I came across an ad on the sf gate website regarding entry-level marketing positions for recent grads. As we all know, times have been very tough and even interviews are hard to come by. I decided to respond and was invited to an interview by the receptionist. This should have caused a red flag to go up in my mind immediately. It did not however, but I was nevertheless skeptical.
I was lucky because I did some previous research on a similar company affiliated with Cydcor. I came across this rip-off report page and am now filing one of my own. I am doing this after my second interview because up until now, I did not know that SAS Marketing Group is a subsidiary of Cydcor.
At the first interview, after being kept waiting for 20 minutes or so, I met with Jason (Jay) for a whole ten minutes. Anyone that has any experience with professional interviews knows this is ridiculous. If a prospective employer spends ten minutes interviewing you, chances are very good that you won't be called in for a second interview. We did not even discuss my resume and I'm pretty sure he didn't even care.
He pretty much just gave me a shpeal and was ready to dismiss me for the time being. I interjected and asked him if I could ask some questions as is customary in the interviewer/interviewee situation. I asked him, "Why was it so easy for me to get an interview?" He basically told me that he likes to meet with people one on one because resumes dont really mean that much. "I can't tell anything by looking at a piece of paper. It just tells me that you worked somewhere and did some thing." He then tried to make me apprehensive by saying that if he was just strictly looking at my resume, he would not have called me in.
The rest of my experience mirrors the other complaints regarding Cydcor. The second interview consisted of another 20 minute wait and my shadowing an "account manager" going door-to-door, attempting to get businesses to switch from SBC to AT&T. However, this was only for a couple of hours, rather than a full day. Remarkably, the lady I was with succeeded in switching one line and making $44, if indeed this is the real figure.
Before going out into the field, I was told to fill out some forms including a W-4. I asked why, and the receptionist told me that since I was going into the field, the papers ensured that I would be covered if anything should happen. Basically, I was expected to make a commitment upon returning to the office. I'm not sure what kind of commitment because I did not stick around long enough to find out. Upon returning,I was given a little "quiz" about my day that anyone with a set of ears and some sort of attention span could figure out. After that, it looked as if thre was going to be more waiting. By that time my BS detector was going haywire and I excused myself to go to the bathroom. I never went back, but instead raced home to do more research and file this report.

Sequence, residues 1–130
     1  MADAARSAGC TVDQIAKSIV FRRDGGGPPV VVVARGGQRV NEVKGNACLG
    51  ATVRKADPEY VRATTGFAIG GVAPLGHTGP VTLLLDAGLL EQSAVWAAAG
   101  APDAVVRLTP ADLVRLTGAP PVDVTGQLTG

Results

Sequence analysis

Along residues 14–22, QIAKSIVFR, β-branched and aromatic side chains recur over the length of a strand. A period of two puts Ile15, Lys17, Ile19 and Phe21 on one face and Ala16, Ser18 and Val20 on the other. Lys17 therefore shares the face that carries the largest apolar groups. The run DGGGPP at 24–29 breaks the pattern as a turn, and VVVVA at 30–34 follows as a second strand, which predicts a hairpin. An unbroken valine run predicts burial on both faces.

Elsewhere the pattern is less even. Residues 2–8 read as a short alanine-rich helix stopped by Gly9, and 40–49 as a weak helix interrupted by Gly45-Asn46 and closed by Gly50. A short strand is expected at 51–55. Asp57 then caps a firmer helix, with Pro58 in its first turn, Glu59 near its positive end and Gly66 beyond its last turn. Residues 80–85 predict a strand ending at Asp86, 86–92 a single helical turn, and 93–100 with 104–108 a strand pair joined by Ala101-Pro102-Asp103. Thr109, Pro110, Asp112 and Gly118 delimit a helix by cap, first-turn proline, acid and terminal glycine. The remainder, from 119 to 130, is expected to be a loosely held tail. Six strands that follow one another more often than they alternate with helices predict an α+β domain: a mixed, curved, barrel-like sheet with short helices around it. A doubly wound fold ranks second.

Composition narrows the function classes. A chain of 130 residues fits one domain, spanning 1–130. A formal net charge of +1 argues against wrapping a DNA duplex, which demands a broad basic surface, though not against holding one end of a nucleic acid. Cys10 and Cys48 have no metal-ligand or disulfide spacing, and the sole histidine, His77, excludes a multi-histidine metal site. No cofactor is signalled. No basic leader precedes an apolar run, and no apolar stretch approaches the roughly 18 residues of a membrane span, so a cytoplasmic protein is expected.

The Cydcor/SAS shpeal closely resembles pyramid scheme type companies such as Amway. Basically, to get ahead, you have to recruit others in order to collect commission from them. In any case, the pyramid/direct marketing model works very well for some, but for most folks, it's considered a SCAM. I admire the entrepreneurial spirit, but people should definitely know what they're getting into. This is not at all what I had in mind when I called SAS.
The last part of my little rant consists of an observation of how SAS is able to fly below radar. SAS is actually a telecom term meaning "single attachment source." I worked as a legal researcher while in college and got quite good at conducting effective internet research. I tried to look them up before my first interview, but my search engines were overloaded with technical jargon that my key words generated.
My advice to others is to keep your eyes and ears open because opportunities that seem too good to be true often are. If you're considering interviewing with SAS, BE CAREFUL! To me, this was a huge waste of time. I went to college to get a real job, not to sell door-to-door like a girlscout.
U.S.A. Click here to read other Rip Off Reports on Cydor